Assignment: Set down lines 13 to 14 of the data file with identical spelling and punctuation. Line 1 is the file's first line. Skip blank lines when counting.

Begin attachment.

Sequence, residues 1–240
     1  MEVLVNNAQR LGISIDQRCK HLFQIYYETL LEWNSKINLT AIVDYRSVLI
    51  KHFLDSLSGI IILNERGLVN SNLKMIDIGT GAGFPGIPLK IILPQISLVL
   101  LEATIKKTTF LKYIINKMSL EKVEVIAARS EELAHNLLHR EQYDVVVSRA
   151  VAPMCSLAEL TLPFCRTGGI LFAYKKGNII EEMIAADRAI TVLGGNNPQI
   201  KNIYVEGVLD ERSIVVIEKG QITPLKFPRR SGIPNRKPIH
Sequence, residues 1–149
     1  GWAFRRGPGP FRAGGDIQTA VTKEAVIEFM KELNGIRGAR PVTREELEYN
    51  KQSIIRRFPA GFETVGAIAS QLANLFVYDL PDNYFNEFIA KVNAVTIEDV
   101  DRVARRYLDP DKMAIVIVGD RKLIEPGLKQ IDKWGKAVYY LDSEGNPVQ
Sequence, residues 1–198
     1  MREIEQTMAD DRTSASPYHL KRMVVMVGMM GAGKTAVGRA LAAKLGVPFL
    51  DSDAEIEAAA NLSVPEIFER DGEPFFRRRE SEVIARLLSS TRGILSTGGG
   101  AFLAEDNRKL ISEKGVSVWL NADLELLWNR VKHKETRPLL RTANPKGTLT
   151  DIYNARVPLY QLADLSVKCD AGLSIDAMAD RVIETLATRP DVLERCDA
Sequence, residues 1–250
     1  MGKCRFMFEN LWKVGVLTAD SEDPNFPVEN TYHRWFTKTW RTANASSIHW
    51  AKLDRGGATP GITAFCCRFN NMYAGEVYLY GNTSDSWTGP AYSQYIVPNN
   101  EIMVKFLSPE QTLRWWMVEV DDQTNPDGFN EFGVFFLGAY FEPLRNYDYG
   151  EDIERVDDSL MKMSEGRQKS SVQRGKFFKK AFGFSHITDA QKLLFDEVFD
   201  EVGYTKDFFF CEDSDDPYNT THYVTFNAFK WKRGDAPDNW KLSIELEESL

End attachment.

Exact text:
    51  DSDAEIEAAA NLSVPEIFER DGEPFFRRRE SEVIARLLSS TRGILSTGGG
   101  AFLAEDNRKL ISEKGVSVWL NADLELLWNR VKHKETRPLL RTANPKGTLT